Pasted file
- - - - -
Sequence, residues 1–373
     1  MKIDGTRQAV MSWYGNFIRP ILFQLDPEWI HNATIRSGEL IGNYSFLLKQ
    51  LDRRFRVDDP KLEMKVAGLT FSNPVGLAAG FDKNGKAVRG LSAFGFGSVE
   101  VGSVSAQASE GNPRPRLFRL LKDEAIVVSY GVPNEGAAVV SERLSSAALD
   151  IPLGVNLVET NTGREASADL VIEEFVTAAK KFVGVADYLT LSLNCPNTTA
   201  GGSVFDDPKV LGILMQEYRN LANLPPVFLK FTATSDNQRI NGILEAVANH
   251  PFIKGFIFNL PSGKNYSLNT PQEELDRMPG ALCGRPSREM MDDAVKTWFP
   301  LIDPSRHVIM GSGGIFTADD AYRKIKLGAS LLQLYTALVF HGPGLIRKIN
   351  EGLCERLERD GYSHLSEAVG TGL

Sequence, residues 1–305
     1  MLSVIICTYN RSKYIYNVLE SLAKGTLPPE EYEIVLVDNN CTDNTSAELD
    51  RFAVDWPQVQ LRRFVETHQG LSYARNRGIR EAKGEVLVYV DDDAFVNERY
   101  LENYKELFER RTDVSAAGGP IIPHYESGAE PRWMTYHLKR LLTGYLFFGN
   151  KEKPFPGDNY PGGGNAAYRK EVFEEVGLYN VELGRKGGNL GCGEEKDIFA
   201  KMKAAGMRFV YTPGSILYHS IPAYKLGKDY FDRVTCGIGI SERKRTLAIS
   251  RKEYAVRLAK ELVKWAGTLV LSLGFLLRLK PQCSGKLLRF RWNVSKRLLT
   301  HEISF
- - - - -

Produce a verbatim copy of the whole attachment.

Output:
Sequence, residues 1–373
     1  MKIDGTRQAV MSWYGNFIRP ILFQLDPEWI HNATIRSGEL IGNYSFLLKQ
    51  LDRRFRVDDP KLEMKVAGLT FSNPVGLAAG FDKNGKAVRG LSAFGFGSVE
   101  VGSVSAQASE GNPRPRLFRL LKDEAIVVSY GVPNEGAAVV SERLSSAALD
   151  IPLGVNLVET NTGREASADL VIEEFVTAAK KFVGVADYLT LSLNCPNTTA
   201  GGSVFDDPKV LGILMQEYRN LANLPPVFLK FTATSDNQRI NGILEAVANH
   251  PFIKGFIFNL PSGKNYSLNT PQEELDRMPG ALCGRPSREM MDDAVKTWFP
   301  LIDPSRHVIM GSGGIFTADD AYRKIKLGAS LLQLYTALVF HGPGLIRKIN
   351  EGLCERLERD GYSHLSEAVG TGL

Sequence, residues 1–305
     1  MLSVIICTYN RSKYIYNVLE SLAKGTLPPE EYEIVLVDNN CTDNTSAELD
    51  RFAVDWPQVQ LRRFVETHQG LSYARNRGIR EAKGEVLVYV DDDAFVNERY
   101  LENYKELFER RTDVSAAGGP IIPHYESGAE PRWMTYHLKR LLTGYLFFGN
   151  KEKPFPGDNY PGGGNAAYRK EVFEEVGLYN VELGRKGGNL GCGEEKDIFA
   201  KMKAAGMRFV YTPGSILYHS IPAYKLGKDY FDRVTCGIGI SERKRTLAIS
   251  RKEYAVRLAK ELVKWAGTLV LSLGFLLRLK PQCSGKLLRF RWNVSKRLLT
   301  HEISF